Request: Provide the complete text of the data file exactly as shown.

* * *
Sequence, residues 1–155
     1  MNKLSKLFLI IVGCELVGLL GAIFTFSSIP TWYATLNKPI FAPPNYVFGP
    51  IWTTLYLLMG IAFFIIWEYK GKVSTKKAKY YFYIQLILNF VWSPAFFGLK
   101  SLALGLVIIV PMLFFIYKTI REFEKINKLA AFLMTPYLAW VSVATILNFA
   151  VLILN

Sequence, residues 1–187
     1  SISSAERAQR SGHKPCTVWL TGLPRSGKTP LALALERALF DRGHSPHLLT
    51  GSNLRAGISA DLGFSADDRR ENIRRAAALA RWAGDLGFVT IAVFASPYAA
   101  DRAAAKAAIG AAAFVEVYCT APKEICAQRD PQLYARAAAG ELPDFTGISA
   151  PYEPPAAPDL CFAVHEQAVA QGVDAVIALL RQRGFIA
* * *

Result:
Sequence, residues 1–155
     1  MNKLSKLFLI IVGCELVGLL GAIFTFSSIP TWYATLNKPI FAPPNYVFGP
    51  IWTTLYLLMG IAFFIIWEYK GKVSTKKAKY YFYIQLILNF VWSPAFFGLK
   101  SLALGLVIIV PMLFFIYKTI REFEKINKLA AFLMTPYLAW VSVATILNFA
   151  VLILN

Sequence, residues 1–187
     1  SISSAERAQR SGHKPCTVWL TGLPRSGKTP LALALERALF DRGHSPHLLT
    51  GSNLRAGISA DLGFSADDRR ENIRRAAALA RWAGDLGFVT IAVFASPYAA
   101  DRAAAKAAIG AAAFVEVYCT APKEICAQRD PQLYARAAAG ELPDFTGISA
   151  PYEPPAAPDL CFAVHEQAVA QGVDAVIALL RQRGFIA